Fruits are among the foods to foster

Publié par happy-diet dimanche 9 mai 2010

Dried Fruits are among the foods to foster in our daily diet as they meet the nutritional goals set in the National Nutrition Program of Health (PNNS launched in January 2001 by the Ministry of Health):

They contribute to the increased consumption of fruits & Vegetables

-t hey are a source of calcium, a mineral essential
Indirectly, they promote lower intakes of saturated fatty acids (especially by providing fatty acids monounsaturated and polyunsaturated)
They are rich in carbohydrates
They are rich in fiber, a higher concentration than in the fresh fruit helps to eliminate cholesterol and bile acids.

Each type of dried fruit (oilseeds or flesh) has its own benefits.

... The Fresh, dried

They provide energy in the form of simple carbohydrates (required as part of efforts to overcome a physical and shot tiredness), fiber (which helps the bowel), essential minerals (magnesium, iron ...) and vitamins.

You will find below some examples of fresh fruit dried with benefits that are usually associated with:

1. Apricot: snacks ideal sportsman and trekker, the dried apricots is also a partner in everyday life. Rich in fiber, iron, vitamins A and B, it is a source of magnesium and phosphorus. It supports you in both the physical effort and brain in general a positive effect on the balance of the nervous system, the construction of bone and tissue regeneration.

2. The Banana: The fruit is rich in highly digestible iron, magnesium, phosphorus, and contains vitamins A, B and C. This is an important complement to the growth and balance nerve which supplies the body with athletes from simple sugars needed for the effort.

3. The Cranberries: The fruit is native to North America has many health benefits: with induced anti-bacterial tape, it plays an important role in reducing the incidence of urinary tract infections, reduction in the formation of dental plaque and reducing gum inflammation and decrease atherosclerosis, a major cause of cardiovascular disease.

4. The Dates: It is recommended for its lack of fat and its high fiber content. Source of iron, the date allows you to increase your intake of iron and is therefore particularly recommended for women who have iron deficiency.

5. Fig: Source of magnesium, essential for neuromuscular function and iron, necessary for the formation of red blood cells and transporting oxygen to tissues, it is also a source of fiber, minerals and vitamins A, B and C. She has a beneficial effect on respiratory tract, intestines and nervous system. Rich in calcium, it is more nutritious than fresh and is an excellent basis for children's snacks!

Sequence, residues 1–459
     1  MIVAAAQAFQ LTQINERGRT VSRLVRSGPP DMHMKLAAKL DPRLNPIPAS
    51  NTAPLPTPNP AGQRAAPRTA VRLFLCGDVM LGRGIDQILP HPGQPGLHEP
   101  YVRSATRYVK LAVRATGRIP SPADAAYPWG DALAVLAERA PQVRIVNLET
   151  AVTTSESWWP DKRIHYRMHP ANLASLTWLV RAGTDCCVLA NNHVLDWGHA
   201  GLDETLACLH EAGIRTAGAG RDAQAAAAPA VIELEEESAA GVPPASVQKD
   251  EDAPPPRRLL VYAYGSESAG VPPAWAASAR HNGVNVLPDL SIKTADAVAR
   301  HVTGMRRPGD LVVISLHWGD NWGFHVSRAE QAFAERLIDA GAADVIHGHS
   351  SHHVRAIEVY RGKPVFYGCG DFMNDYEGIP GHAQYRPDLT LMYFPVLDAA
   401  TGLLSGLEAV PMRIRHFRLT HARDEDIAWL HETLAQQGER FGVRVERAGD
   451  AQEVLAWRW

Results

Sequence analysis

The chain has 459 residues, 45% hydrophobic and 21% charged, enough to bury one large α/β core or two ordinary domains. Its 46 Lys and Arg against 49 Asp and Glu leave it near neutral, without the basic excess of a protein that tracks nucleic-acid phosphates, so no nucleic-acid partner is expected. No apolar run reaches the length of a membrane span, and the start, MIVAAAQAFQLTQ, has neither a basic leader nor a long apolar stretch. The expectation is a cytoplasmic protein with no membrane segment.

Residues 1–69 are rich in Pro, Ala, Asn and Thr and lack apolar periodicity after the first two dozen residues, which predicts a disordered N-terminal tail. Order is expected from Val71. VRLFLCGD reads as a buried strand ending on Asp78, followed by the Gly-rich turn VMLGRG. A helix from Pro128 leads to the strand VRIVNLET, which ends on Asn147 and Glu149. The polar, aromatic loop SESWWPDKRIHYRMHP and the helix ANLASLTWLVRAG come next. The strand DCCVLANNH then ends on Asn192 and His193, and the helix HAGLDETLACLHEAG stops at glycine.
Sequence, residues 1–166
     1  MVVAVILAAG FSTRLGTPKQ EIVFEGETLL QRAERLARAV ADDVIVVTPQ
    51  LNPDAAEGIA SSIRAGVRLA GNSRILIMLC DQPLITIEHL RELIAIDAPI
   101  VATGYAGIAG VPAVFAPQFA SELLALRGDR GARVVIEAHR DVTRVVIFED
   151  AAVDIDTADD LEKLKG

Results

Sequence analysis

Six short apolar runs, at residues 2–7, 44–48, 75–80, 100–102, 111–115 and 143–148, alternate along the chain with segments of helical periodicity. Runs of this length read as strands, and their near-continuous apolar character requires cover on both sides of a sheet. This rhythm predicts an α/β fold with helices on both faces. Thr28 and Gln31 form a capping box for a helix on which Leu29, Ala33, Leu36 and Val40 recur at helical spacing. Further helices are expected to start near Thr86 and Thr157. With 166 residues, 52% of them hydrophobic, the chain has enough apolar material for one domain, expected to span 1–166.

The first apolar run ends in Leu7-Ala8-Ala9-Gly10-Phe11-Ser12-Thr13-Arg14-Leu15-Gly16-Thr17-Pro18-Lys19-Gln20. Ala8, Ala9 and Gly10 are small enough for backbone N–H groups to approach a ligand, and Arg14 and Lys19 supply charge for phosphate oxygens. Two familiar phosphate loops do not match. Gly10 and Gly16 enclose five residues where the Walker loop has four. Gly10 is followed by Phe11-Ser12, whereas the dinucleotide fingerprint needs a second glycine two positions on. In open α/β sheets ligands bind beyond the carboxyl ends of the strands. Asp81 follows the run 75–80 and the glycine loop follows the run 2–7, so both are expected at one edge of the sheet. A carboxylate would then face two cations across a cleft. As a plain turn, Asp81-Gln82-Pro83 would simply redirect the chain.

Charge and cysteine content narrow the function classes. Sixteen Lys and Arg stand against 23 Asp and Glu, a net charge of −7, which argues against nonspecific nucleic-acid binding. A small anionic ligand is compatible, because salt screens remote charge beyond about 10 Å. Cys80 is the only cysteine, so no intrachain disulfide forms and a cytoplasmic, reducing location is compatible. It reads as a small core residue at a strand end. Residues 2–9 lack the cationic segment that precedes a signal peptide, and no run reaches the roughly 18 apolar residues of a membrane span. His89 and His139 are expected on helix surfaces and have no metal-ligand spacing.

6. The Grapes: This is an important source of iron and recent studies show that it has an important role to play in the treatment of cancer.


... The Nuts

They bring energy as fat. They contain no cholesterol and are rich in important nutrients such as protein and fiber. They are an excellent source of vitamins and minerals like magnesium and iron. Their nutritional benefits are significant given a moderate portion (between 30 and 40 g on average)

According to recent medical research, the nuts may have an important role in reducing risk of heart disease. Moreover, they are an excellent source of Omega 3 which in addition to helping fight cardiovascular disease, have virtues against arthritis and other inflammatory diseases.

Now look a little more detail some nuts:

1. The Almond: The fruit is a natural antiseptic to the intestines and is good for the nervous. It contributes to the coverage of your recommended daily allowance (RDA) for protein, fiber, vitamins and minerals. The kernel plays a significant role in preventing certain cancers, heart disease and degenerative cataract.

2. Hazelnut: It participates in the coverage of the RDA of protein, fiber, vitamins and minerals. It is rich in vitamin B9 required for renewal of cells. Hazelnut provides magnesium, especially useful for muscle contraction.

3. The Nuts: She is rich in protein and vitamin E. The French, in general, consume too much animal protein and nuts and contribute to rebalance this through their feeding plant proteins. Its high content of unsaturated fatty acids also promotes good cholesterol. The nuts are recommended for reconstituting and anemic children and the elderly.

4. Pistachio: This fruit is rich in fiber, iron, magnesium, vitamin E and B1, containing lipid compounds to 35% of monounsaturated fatty acids (the same as olive oil) that have a protective role on the cardio-vascular.

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